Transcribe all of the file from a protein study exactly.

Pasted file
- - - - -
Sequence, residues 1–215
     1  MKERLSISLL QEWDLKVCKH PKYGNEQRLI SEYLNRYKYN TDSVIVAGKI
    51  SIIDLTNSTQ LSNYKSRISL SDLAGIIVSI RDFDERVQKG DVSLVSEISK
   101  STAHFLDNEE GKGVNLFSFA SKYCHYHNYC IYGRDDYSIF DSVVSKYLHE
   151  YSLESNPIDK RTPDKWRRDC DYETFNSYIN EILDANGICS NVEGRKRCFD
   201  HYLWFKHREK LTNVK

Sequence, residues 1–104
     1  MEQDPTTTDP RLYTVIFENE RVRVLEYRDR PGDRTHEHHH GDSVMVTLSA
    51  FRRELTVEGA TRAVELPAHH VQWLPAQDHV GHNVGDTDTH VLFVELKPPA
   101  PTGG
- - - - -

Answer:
Sequence, residues 1–215
     1  MKERLSISLL QEWDLKVCKH PKYGNEQRLI SEYLNRYKYN TDSVIVAGKI
    51  SIIDLTNSTQ LSNYKSRISL SDLAGIIVSI RDFDERVQKG DVSLVSEISK
   101  STAHFLDNEE GKGVNLFSFA SKYCHYHNYC IYGRDDYSIF DSVVSKYLHE
   151  YSLESNPIDK RTPDKWRRDC DYETFNSYIN EILDANGICS NVEGRKRCFD
   201  HYLWFKHREK LTNVK

Sequence, residues 1–104
     1  MEQDPTTTDP RLYTVIFENE RVRVLEYRDR PGDRTHEHHH GDSVMVTLSA
    51  FRRELTVEGA TRAVELPAHH VQWLPAQDHV GHNVGDTDTH VLFVELKPPA
   101  PTGG